The MTA provided a bit more clarity Tuesday on a newly-promised fare reduction policy for Long Island Railroad riders condemned to suffer through the impending summer of emergency-repair hell at Penn Station. The authority denied that any fare reduction was in the works as recently as last week, but indicated otherwise on Monday after Governor Andrew Cuomo, who effectively controls the MTA, called for a reduction.
The LIRR will offer discounts averaging 25 percent to LIRR riders whose trains divert to Hunterspoint Avenue in Queens and Atlantic Terminal in Brooklyn, according to the MTA. The actual discount amount will be scaled depending on how far a commuter is traveling. Riders will also get a free subway transfer from July 10th until an unspecified "completion of Amtrak repair work." (The estimate recently inched from six weeks to eight weeks.)
The reduced fare will also apply to riders traveling to Long Island City in Queens and Nostrand Avenue and East New York in Brooklyn, according to the MTA. LIRR riders whose trains terminate at Penn Station during the repairs will not receive a discount—a measure the MTA hopes will motivate commuters to take the diverted trains.
"Governor Cuomo has asked us to provide greater value to our customers while Amtrak conducts repairs this summer. In response we're adding to the mitigation measures we've already announced by providing a discount that will give customers who travel to key transportation hubs an average discount of 25%," said MTA Interim Director Ronnie Hakim. "We believe that this move will mitigate the inconvenience that our customers may experience, and have the added benefit of drawing customers away from Penn Station while Amtrak performs repair work."
The discount will apply to monthly, weekly and daily tickets, according to the MTA. Discounted monthly tickets officially went live today at windows and vending machines, and will be available online starting July 1st. Full monthly commuter fares currently range from $190 to $500.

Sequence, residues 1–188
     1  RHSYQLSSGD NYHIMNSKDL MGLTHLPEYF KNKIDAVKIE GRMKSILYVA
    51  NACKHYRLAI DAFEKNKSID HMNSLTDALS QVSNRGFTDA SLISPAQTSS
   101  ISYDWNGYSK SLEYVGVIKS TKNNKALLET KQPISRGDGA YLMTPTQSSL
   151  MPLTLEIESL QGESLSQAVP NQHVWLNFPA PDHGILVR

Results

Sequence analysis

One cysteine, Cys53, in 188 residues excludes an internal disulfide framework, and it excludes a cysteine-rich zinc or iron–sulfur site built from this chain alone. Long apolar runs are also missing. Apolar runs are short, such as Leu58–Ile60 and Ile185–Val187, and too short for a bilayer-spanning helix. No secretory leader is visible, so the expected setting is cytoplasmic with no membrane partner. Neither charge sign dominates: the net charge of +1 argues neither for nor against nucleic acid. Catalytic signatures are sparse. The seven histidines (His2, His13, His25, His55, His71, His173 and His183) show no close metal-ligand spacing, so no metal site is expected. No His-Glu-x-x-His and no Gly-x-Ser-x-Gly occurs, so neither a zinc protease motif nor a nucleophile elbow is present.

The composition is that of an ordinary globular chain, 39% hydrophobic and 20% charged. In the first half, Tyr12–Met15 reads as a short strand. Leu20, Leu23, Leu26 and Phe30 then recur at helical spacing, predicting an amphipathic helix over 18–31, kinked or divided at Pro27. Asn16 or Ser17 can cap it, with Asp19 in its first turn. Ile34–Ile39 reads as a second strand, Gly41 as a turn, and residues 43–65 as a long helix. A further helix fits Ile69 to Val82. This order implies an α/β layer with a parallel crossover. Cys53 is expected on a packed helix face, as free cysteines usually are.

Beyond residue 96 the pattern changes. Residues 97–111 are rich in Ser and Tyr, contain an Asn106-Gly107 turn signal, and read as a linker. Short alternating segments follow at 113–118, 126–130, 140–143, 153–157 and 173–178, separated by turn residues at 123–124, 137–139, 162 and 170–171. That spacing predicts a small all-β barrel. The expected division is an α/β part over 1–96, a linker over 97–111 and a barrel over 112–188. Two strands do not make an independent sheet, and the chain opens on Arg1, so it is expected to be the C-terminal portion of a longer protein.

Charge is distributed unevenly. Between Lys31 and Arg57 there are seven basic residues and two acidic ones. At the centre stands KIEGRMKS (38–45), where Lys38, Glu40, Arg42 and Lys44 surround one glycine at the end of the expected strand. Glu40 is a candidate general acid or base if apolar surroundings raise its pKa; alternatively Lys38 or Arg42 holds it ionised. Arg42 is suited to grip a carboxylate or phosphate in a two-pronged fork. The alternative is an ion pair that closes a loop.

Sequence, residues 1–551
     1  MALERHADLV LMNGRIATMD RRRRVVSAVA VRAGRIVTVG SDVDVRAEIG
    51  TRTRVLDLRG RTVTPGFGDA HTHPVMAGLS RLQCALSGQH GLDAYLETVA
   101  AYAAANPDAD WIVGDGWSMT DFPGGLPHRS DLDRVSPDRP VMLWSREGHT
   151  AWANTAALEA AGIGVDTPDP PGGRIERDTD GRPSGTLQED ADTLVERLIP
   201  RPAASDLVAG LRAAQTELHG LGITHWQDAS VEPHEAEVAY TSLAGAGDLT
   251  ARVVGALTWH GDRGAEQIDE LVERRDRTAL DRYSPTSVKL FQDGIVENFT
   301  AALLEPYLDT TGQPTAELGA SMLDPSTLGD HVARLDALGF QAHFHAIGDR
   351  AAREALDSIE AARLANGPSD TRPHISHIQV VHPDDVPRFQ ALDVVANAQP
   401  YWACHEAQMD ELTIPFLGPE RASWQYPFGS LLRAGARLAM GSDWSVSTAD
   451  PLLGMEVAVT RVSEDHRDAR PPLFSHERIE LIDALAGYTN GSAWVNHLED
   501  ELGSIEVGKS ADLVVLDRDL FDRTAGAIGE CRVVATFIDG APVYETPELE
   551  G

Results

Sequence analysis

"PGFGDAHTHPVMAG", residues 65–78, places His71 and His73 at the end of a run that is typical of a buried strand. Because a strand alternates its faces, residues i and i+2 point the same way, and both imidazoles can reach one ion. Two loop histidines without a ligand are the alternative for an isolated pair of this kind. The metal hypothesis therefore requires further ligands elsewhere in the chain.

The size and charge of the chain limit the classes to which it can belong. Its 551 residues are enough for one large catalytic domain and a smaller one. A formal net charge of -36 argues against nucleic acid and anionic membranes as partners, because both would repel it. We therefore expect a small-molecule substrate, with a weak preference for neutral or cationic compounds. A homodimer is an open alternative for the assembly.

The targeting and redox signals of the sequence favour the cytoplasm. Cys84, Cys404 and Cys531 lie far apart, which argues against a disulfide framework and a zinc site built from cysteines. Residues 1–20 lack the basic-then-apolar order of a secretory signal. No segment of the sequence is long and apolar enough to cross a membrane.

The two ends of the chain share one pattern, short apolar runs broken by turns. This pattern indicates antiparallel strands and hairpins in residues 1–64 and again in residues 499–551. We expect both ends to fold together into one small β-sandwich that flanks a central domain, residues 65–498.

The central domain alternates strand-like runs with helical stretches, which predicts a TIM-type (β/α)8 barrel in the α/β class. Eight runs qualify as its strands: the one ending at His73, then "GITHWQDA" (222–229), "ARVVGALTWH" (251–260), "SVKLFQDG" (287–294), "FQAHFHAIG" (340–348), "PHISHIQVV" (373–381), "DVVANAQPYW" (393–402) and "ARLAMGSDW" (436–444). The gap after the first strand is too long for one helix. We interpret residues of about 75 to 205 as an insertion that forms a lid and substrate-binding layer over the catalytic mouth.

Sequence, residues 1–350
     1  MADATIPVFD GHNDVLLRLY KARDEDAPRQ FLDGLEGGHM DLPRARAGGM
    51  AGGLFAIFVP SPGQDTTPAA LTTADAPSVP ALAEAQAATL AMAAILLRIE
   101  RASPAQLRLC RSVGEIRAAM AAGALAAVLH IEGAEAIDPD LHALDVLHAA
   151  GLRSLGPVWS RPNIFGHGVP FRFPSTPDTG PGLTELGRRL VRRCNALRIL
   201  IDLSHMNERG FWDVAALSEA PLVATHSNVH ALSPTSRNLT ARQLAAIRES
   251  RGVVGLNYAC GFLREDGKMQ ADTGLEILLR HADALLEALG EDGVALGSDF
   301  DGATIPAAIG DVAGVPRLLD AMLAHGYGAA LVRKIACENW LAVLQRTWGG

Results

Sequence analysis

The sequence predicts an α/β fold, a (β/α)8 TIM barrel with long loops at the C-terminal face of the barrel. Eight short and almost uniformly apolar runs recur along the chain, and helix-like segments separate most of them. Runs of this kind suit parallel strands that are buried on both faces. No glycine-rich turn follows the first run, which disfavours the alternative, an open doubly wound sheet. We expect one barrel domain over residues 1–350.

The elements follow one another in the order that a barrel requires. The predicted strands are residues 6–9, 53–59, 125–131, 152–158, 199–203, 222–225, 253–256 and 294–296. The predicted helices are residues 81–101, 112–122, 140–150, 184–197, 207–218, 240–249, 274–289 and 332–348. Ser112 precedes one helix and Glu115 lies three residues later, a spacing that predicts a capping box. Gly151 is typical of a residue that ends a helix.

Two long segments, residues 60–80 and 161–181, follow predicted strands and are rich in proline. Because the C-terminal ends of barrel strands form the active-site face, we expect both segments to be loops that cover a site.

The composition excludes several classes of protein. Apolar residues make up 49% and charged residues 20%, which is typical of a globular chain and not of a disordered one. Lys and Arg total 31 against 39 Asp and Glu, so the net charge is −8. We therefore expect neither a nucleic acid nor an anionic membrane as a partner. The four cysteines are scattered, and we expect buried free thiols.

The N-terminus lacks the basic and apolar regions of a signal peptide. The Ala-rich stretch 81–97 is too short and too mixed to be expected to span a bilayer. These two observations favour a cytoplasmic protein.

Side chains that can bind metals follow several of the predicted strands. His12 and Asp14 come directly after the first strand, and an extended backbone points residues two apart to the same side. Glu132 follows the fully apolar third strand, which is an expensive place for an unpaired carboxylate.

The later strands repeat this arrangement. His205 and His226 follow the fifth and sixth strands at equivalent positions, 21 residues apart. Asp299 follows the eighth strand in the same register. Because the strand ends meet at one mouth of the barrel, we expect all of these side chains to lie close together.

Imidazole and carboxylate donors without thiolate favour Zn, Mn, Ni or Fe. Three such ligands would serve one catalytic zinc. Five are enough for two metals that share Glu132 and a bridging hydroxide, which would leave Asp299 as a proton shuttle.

The MTA anticipates 9,600 of a total 88,000 riders will be impacted by service changes on any given morning commute between 6:00 and 10:00 a.m. during the repairs, thanks to 15 canceled or rerouted trains daily. The MTA claims they will account for all of these riders by adding three additional trains on the early "shoulder" of the morning commute, as well as 36 additional train cars over 16 trains.
Of the 15 canceled and rerouted Penn Station trains, five will terminate at Atlantic Avenue, five at Jamaica, and three at Hunterspoint Avenue. Similarly, 17 of 86 total evening trains will be canceled or rerouted, with some evening trains originating at Atlantic Avenue, Jamaica and Hunterspoint. Two trains will be added at Penn in the evenings, as well.
Today's announcement from the MTA doesn't include any discount for trains terminating at Jamaica in Queens. According to the MTA, unlike Hunterspoint and Atlantic Avenue commuters, those terminating at Jamaica can switch to a Penn Station-bound LIRR train there.
Brooklyn Borough President Eric Adams said Monday that he'd like to see the same discount logic applied in the subway, with reduced fares for 2/3, F and L train riders during repairs to the Clark Street, Rutgers, and Canarsie tubes, respectively, as well as M, N and R train riders during repairs to those lines.
"We have one regional transportation network," Adams stated. "We cannot have two different ways of treating commuters amid this ongoing transit crisis."